About Chest Wall Tumors

Like any other part of the body, the walls of the chest cavity are susceptible to tumors. A tumor is any type of abnormal growth of cells, whether malignant (cancerous) or benign (non-cancerous). Chest wall tumors can interfere with pulmonary function.


Are Chest Wall Tumors Common?

Cancerous tumors are uncommon. Chest wall tumors, whether malignant (cancerous) or benign (non-cancerous), are classified as primary or secondary (metastatic). The most common benign tumors are osteochondromas and chrondromas. The most common malignant chest wall tumors are sarcomas.

Primary tumors originate in the bone or muscle of the chest wall. Less than half of malignant chest wall tumors are primary. Secondary tumors originate elsewhere in the body and spread (metastasize) to the chest wall. Almost all secondary tumors are malignant. Most chest wall tumors found in children are primary, while most found in adults are secondary. All of these tumors tend to be a lump on the chest wall surface or a growth that invades the bone or muscle.


What are the Symptoms of a Tumor in your Chest?

Symptoms of benign chest wall tumors may include one or more of the following:

  • A localized mass
  • Swelling
  • Chest Pain
  • Muscle atrophy (breakdown)

Symptoms of malignant chest wall tumors may include one or more of the following:

  • A localized mass
  • Swelling
  • Chest Pain
  • Impaired movement or chest expansion
Risk Factors

What Causes Chest Wall Tumors?

While hereditary factors, diet and lifestyle choices may play a role in certain tumor types, there are no clear causes of chest wall tumors.


Tests and Diagnosis

  • Imaging:
    • The physician will initially order an x-ray to see if there is an abnormality. If there is an abnormality shown on x-ray, your physician will then do a CT scan (computed tomography) or MRI (magnetic resonance imaging) scan to gain additional information about the chest wall abnormality, such as size and location.
  • Biopsy:
    • After this information is collected, a biopsy of the abnormality is done to diagnose what the tumor is and to determine if the tumor is benign or malignant. The most common procedure is an aspiration biopsy, in which a needle is inserted into the tumor and cells are removed for examination. If it is too difficult to reach the tumor with a needle, you may need to undergo an open biopsy, which requires a small surgical incision and may leave a scar.

Treatment of Chest Wall Tumors

  • If the tumor is benign, the tumor may need surgical removal if the tumor interferes with proper organ function, hinders movement, or causes muscles to atrophy.
  • If the tumor is malignant, treatment can include a combination of chemotherapy, radiation therapy and surgical removal and reconstruction.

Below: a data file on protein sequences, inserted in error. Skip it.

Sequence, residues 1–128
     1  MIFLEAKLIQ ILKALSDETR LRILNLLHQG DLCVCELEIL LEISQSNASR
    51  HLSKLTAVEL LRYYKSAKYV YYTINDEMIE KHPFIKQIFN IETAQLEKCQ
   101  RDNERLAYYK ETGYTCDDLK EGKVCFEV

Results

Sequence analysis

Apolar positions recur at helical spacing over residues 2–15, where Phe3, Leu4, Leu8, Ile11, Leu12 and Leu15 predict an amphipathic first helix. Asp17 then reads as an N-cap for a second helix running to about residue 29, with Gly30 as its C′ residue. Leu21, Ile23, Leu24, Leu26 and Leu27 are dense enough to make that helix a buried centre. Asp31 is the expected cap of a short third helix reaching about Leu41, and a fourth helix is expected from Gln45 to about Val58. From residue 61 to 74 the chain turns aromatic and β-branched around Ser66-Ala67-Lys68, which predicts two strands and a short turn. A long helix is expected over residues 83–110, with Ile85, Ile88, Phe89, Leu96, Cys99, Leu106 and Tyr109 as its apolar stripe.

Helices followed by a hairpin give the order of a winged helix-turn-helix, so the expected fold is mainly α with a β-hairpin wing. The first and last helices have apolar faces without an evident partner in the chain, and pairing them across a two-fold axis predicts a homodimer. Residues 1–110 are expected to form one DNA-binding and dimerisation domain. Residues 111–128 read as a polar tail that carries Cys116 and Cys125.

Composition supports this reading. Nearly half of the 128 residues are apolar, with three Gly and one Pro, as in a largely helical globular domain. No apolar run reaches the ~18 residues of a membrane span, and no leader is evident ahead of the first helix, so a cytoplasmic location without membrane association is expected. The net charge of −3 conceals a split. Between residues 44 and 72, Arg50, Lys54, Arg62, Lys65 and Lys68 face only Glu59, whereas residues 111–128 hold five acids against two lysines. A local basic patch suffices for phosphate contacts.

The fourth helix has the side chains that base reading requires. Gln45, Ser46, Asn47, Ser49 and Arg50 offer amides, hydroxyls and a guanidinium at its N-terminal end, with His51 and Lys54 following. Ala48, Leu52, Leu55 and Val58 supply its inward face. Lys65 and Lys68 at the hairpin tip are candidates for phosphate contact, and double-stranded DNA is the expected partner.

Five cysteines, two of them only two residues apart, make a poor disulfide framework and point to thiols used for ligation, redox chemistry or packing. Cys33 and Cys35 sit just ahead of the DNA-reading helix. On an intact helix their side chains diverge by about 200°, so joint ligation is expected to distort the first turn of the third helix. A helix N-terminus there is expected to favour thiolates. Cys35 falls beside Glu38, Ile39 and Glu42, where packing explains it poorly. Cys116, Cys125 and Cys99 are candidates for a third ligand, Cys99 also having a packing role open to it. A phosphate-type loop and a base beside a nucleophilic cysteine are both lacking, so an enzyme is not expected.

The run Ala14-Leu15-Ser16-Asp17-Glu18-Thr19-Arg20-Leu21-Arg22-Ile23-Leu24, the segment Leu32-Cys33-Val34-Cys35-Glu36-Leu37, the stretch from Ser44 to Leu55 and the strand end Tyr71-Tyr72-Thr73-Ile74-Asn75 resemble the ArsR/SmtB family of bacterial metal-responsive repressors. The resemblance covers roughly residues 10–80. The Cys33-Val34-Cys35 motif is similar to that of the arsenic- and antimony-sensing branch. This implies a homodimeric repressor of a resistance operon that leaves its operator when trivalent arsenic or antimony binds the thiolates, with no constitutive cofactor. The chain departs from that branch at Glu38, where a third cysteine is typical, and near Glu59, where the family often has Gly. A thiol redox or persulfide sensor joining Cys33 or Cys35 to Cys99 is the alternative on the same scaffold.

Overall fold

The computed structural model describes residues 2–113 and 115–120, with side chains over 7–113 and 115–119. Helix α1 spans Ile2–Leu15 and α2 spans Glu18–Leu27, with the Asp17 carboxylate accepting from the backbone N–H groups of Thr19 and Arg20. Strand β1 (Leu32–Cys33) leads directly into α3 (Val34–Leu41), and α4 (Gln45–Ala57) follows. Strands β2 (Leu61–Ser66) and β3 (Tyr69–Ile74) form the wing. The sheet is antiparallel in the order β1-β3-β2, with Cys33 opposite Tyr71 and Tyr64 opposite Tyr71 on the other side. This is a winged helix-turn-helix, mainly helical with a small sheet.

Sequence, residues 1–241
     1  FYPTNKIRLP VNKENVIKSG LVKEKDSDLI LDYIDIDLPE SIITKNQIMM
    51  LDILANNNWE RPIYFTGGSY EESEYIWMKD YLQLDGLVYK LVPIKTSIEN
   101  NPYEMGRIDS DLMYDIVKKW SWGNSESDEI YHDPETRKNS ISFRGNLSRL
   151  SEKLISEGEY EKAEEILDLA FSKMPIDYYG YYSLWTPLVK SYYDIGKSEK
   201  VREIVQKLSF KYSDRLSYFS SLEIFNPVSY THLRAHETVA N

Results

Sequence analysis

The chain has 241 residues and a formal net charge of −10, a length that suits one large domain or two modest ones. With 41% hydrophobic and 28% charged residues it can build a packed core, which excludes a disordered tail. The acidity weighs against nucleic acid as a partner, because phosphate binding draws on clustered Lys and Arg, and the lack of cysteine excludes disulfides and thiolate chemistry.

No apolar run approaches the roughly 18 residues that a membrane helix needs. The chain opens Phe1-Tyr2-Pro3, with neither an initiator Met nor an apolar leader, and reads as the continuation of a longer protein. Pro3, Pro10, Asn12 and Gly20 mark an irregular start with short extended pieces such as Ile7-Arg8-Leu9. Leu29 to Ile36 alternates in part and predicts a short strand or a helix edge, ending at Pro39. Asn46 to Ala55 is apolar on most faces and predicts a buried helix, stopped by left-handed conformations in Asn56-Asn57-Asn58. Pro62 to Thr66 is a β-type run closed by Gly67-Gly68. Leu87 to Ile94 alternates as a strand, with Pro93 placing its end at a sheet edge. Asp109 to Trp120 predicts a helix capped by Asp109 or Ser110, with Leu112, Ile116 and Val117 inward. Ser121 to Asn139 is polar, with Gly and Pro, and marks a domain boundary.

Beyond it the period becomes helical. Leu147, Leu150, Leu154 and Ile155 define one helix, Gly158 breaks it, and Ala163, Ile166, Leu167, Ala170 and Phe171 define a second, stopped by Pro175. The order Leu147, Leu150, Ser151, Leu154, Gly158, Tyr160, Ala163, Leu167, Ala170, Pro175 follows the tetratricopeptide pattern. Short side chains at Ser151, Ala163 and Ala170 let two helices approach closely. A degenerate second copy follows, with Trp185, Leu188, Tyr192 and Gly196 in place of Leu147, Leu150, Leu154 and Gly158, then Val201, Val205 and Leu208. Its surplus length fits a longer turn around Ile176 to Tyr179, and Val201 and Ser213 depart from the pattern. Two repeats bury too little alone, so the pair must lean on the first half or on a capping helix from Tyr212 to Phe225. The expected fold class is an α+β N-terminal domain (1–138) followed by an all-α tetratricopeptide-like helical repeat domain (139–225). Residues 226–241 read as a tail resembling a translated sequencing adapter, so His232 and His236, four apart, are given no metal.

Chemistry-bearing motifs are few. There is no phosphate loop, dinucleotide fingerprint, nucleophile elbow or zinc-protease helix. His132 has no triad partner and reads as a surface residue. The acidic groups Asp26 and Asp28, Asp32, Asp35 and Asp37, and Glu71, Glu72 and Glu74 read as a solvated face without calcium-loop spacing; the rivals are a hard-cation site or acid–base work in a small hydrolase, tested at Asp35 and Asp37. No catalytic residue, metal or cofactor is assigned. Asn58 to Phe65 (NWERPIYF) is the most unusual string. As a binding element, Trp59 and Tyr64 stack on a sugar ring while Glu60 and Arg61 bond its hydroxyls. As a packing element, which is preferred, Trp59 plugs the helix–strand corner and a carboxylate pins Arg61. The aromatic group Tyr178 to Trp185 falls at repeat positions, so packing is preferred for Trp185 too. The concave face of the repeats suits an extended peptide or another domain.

• A portion of the rib cage must frequently be removed to eradicate a chest wall tumor; very effective reconstruction (replacement) of the chest wall using adjacent muscle, mesh or mesh with “plastic” material is available. The amount of chest wall that must be removed, the proposed method of reconstruction, and associated risks and benefits of the operation are reviewed by the surgeon with the patient, prior to scheduling the procedure.

Possible Questions to Ask Your Doctor

  1. Will my condition ever get better without treatment? Can it get worse?
  2. What are my treatment options?
  3. Will I need surgery?
  4. What are the potential side effects of this treatment?
  5. How often do you do the procedure that you’ve recommended for me?
  6. What is the success rate for that specific procedure?
  7. When should I seek medical attention if I am experiencing symptoms following surgery?
  8. Will I have any restrictions after treatment? (activity, driving, etc)
  9. Will I have to be out of work? If so, for how long?
  10. Will I have to change my diet and/or lifestyle after treatment?
  11. Will I have to take any long-term medications?
  12. How likely is it that I will need additional treatment later?
  13. If I want a second opinion, how would I get one?
  14. Where is my chest wall tumor located?
  15. Is it cancerous? If yes, what is the survival rate for my particular kind of cancer?
  16. How do I get a copy of my pathology report?
  17. Are there any clinical trials relevant to my cancer that I can look into?

When to see a provider?

Submit an online appointment request or call 310-829-8618 if you have any signs or symptoms that concern you.

If you are worried about your hereditary risk of cancer, contact our genetics team.